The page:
News from 2022-03-22 / KfW Development Bank

Improving water quality and promoting renewable energies

KfW supports the construction of wastewater treatment plants and sewage networks in two large municipalities in Serbia

In Serbia, a large part of the wastewater still flows untreated into the rivers. On behalf of the German Federal Government and the EU, KfW is supporting two cities in the south of the country with the construction of state of the art networks and treatment plants that comply with EU standards for wastewater quality.

Eine Kläranlage von oben
The modern wastewater treatment plant in Kruševac prevents wastewater from being discharged untreated into the Morava River.

Serbia still has a considerable backlog and investment need in the area of wastewater disposal. Only 15% - 20% of the wastewater is so far (hygienically) treated. The government now wants to improve the water quality of the rivers, also to meet the requirements for EU accession in this area. The relevant negotiation chapter for environmental protection and climate change in the process of accession negotiations was recently opened for Serbia.

KfW is financing a programme to construct state of the art wastewater treatment plant in the towns of Kruševac and Vranje so that their wastewater is no longer discharged directly and untreated into the Morava. KfW is providing EUR 47 million from the budget of the German Federal Ministry for Economic Cooperation and Development (BMZ) and EUR 1.4 million from EU funds for this purpose. The programme also enables a reform of the tariffs, which on the one hand ensures the financial sustainability of the municipal utility companies and their services and on the other hand takes into account the financial resilience of the municipal budgets.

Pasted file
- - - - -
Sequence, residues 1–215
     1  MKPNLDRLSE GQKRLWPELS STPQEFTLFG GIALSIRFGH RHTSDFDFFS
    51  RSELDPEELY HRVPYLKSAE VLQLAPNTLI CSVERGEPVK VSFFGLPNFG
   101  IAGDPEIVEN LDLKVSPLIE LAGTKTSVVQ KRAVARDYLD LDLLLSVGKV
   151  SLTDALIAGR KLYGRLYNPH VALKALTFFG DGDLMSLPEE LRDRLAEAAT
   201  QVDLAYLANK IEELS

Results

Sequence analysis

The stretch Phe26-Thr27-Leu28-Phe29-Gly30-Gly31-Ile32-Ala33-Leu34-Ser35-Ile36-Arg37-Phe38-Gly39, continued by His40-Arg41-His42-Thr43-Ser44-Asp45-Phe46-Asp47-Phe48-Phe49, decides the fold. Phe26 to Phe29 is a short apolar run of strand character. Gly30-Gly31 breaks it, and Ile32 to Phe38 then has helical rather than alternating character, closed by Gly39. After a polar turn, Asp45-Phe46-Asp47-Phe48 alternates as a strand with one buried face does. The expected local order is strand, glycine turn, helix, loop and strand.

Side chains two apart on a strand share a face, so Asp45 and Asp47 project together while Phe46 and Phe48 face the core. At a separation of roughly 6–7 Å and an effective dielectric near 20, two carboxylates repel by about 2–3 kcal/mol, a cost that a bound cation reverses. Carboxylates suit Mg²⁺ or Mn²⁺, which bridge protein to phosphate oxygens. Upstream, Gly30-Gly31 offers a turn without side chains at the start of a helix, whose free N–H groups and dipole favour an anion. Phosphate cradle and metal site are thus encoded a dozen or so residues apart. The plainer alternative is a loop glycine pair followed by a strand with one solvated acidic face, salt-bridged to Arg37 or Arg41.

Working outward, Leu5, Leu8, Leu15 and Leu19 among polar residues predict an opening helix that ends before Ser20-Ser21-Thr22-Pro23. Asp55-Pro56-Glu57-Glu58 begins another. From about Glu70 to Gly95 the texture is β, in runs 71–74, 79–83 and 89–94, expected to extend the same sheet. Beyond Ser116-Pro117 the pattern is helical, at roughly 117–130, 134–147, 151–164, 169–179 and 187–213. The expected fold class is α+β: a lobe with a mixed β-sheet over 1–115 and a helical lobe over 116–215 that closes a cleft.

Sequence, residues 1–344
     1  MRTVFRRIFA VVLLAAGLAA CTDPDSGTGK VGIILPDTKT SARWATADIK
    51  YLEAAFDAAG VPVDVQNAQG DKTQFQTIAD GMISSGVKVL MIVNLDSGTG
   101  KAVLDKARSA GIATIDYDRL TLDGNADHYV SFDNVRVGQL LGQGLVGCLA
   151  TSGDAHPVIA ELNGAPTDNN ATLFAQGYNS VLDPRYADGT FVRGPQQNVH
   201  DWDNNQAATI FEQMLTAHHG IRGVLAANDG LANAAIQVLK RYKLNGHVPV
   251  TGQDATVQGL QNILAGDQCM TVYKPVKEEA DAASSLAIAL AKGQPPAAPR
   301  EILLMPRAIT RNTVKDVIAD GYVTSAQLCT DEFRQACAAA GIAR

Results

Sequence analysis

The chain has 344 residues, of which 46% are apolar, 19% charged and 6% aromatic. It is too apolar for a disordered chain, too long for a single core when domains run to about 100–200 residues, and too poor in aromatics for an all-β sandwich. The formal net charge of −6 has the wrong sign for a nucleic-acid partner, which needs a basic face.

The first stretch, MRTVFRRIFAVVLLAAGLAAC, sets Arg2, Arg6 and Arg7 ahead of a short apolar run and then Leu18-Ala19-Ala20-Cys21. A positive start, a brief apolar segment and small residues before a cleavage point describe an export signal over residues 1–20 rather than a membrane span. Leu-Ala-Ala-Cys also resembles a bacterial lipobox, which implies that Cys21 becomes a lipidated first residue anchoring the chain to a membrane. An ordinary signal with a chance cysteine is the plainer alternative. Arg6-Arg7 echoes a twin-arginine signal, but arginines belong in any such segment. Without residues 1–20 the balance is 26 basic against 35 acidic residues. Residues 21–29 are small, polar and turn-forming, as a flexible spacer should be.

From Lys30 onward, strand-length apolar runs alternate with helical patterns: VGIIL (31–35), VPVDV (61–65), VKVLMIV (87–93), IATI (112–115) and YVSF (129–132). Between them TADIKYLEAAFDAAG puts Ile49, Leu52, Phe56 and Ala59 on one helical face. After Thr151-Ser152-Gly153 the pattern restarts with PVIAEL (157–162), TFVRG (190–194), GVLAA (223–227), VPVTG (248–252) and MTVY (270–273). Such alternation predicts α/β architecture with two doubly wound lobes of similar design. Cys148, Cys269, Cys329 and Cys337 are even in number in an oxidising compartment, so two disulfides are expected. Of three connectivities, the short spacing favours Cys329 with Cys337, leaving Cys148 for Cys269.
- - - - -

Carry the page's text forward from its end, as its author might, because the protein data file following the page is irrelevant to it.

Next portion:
A solar drying plant
Solar sludge drying is the most environmentally friendly way of drying and reduces CO2 emissions.

Sewage sludge as an energy source

In Kruševac and in Vranje, the regenerative resource sewage sludge is used for sewage gas production and thus for energy generation. Thereby, the sewage sludge undergoes a solar drying plant in which the amount of sludge is significantly reduced. This enables co-incineration in the cement industry, a disposal with lower carbon dioxide emissions.

Jasmina Palurović, mayor of Kruševac, says: "With the new sewage treatment plant, our city will soon be one of the most modern ecological cities in Europe, putting us one step ahead of other municipalities."

Highly motivated partners

The KfW programme follows a performance-based approach, which means that the potential partner cities and their utilities have to apply and meet certain requirements to qualify for the investments. This approach has the advantage of motivating the partner municipalities and encouraging cooperation with the municipal administration and utilities, an important contribution to good governance.

In the meantime, more than 85% and 95% respectively of the households in the two cities are already connected to the sewage system and thus to the wastewater treatment plant. Sewage treatment in the wastewater treatment plants now complies with target values of the EU directives. The key figures for debt service, cost recovery and collection efficiency show that the operation is now financially sustainable.

The programme makes an important contribution to transboundary environmental protection, to the implementation of the goals of the Danube Protection Commission and, last but not least, to an improved health situation of the local residents. Both participating cities have become pioneers for the region. Other Serbian municipalities and utilities are also interested in this solution.

SDG 6 – Clean Water and Sanitation